Table 2 shows the descriptive data on the adjusted conceptual post-test scores of learning achievement of all the four groups. Moreover, Table 3 shows the results of the simple main-effect analysis. It is found that the female students who learned with different learning approaches revealed significantly different learning achievements (F = 10.452, p < 0.05, η 2 = 0.998), that is, the RES-battle game approach had significantly better positive effects on female students’ learning achievements (Mean = 12.95, SD. = 2.94) than the traditional teaching approach had (Mean = 10.32, SD. = 3.56). In addition, it is found that the male students who learned with different leaning approaches revealed significantly different learning achievements (F = 13.269, p < 0.05, η 2 = 0.948), that is, the RES-battle game approach had significantly better positive effects on male students’ learning achievements (Mean = 13.74, SD. = 3.13) than the traditional teaching approach had (Mean = 10.72, SD. = 3.43).
Table 2

The descriptive data of the learning achievements of the students who learned with different learning approaches

Genders

Learning approaches

Adjusted mean

SE

N

Female

RES-battle game

12.970

0.529

38

Traditional learning

10.373

0.620

28

Male

RES-battle game

13.705

0.587

31

Traditional learning

10.682

0.578

32

Table 3

The simple main-effect analysis of students’ learning achievements

Dependent variables

SS

df

MS

F

η 2

Learning approaches

     

 Female

109.767

1

109.767

10.452*

0.889

 Male

143.929

1

143.929

13.269*

0.948

Genders

     

 RES-battle game

7.691

1

7.691

0.842

0.148

 Traditional learning

2.415

1

2.415

0.195

0.072

p < 0.05

On the other hand, with regard to the impact of different learning approaches on the learning achievements of female and male students, no significant differences were found between those who learned with the RES-battle game approach and those who learned with the traditional teaching approach. This implies that both the female and male students gained the same level of knowledge while learning with the RES-battle game approach. In addition, when learning with the traditional teaching approach, the female students gained the same level of knowledge as that of male students.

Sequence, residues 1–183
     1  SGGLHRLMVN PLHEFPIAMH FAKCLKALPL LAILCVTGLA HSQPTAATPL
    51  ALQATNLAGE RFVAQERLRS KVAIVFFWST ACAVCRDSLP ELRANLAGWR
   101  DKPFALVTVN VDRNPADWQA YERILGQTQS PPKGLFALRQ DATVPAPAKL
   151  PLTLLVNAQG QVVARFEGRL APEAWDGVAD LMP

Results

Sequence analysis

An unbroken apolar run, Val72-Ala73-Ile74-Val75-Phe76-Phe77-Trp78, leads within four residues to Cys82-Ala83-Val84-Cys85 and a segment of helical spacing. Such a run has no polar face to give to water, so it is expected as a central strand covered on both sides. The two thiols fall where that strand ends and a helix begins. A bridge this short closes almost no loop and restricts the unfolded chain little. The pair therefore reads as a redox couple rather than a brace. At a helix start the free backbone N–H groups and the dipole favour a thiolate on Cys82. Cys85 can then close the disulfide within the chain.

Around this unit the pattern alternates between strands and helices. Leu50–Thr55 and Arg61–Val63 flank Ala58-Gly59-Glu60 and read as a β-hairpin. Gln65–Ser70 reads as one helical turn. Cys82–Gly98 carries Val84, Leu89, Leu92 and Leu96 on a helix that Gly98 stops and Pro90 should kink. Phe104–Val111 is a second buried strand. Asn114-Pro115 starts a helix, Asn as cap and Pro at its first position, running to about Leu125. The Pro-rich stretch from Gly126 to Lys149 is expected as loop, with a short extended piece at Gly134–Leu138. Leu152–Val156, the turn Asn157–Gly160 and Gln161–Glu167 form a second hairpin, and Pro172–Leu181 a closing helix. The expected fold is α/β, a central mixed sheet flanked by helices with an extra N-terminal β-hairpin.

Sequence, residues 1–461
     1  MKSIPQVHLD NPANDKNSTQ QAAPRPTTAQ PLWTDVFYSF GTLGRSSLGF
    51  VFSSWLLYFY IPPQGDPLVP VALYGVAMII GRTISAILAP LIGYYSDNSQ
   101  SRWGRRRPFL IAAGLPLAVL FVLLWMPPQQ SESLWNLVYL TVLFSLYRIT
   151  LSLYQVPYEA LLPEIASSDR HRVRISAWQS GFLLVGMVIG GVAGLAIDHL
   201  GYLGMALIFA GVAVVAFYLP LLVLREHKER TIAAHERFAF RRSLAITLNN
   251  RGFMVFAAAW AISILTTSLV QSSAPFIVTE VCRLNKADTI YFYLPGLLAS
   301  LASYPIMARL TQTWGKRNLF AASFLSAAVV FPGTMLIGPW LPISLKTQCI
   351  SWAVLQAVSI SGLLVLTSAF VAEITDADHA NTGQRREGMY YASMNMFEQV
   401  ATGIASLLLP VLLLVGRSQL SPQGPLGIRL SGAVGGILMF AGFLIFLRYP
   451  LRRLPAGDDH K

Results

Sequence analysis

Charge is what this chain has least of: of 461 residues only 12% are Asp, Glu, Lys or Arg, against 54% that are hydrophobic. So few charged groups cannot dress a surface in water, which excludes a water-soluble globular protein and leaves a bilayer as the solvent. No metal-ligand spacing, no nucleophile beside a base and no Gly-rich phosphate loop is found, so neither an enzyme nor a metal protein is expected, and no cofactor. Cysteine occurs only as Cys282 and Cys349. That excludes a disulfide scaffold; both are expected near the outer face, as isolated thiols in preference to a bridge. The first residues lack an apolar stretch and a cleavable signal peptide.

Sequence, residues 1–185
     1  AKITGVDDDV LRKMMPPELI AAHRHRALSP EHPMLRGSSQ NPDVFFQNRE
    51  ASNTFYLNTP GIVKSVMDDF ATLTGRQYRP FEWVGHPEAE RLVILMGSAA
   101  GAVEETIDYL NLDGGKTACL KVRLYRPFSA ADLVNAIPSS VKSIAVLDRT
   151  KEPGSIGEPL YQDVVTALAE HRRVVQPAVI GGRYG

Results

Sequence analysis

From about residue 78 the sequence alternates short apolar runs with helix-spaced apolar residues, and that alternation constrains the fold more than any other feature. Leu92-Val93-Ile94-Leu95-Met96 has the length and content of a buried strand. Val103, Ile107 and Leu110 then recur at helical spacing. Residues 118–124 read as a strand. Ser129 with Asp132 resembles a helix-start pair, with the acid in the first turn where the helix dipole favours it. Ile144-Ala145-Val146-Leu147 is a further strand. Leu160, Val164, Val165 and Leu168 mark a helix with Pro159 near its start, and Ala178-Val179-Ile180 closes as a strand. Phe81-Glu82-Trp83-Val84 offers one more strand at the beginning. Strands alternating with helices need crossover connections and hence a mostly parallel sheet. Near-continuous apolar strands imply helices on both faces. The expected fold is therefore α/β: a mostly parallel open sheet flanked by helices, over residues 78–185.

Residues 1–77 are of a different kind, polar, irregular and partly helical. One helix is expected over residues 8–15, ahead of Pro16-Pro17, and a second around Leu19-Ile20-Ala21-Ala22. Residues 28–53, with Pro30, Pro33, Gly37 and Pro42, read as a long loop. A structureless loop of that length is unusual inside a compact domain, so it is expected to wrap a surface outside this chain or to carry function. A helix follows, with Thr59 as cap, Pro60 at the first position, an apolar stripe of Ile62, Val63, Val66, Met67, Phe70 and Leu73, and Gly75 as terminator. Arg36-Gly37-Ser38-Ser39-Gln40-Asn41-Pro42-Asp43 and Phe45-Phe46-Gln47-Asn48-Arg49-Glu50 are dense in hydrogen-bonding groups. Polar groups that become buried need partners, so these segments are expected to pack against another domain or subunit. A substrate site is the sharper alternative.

Figure 4 shows the interaction between learning approaches and genders for the students’ learning achievements. It represents that students who participated in the RES-battle game-based learning activities had better learning achievements than those who learned with the traditional teaching and learning activities. It clearly demonstrates that the RES-battle game-based learning approach benefited the female students and male students more than the traditional teaching approach did. Moreover, when learning with the RES-battle game-based learning approach, female and male students benefited similarly. In addition, when learning with the traditional teaching approach, female and male students benefited similarly.
Fig. 4

Interaction between learning approaches and genders for learning achievements

Students’ awareness on saving energy in residence

To examine how students’ genders (i.e., female and male) for a game are connected with students’ awareness on saving energy in residence after learning in the different learning approaches, a two-way ANCOVA was employed. The pre-questionnaire ratings of awareness were a covariate; learning approach (RES-battle game and traditional teaching and learning) and gender (female and male) were independent variables, while the post-questionnaire ratings of awareness were a dependent variable.

Before conducting the ANCOVA test, the assumption of homogeneity of regression was tested. We found that the homogeneity of regression was not violated with F = 1.346 (p > 0.05). Therefore, a two-way ANCOVA test can be used to analyze the post-questionnaire ratings of awareness of the four groups. As shown in Table 4, it is found that the interaction between dependent variables was not significant (F = 1.293, p > 0.05, η 2 = 0.204) on the students’ awareness. In Table 4, we notice that a significant effect was the learning approaches (F = 5.809, p < 0.05, η 2 = 0.667) on students’ awareness, implying that the dependent variables affect the awareness in different ways. It implies that a simple main-effect analysis was required to investigate the effects of the learning approaches on the awareness of the gender differences.
Table 4

Results of the two-way ANCOVA on students’ awareness on saving energy in residence

Source

SS

df

MS

F

η 2

Learning approaches

0.498

1

0.498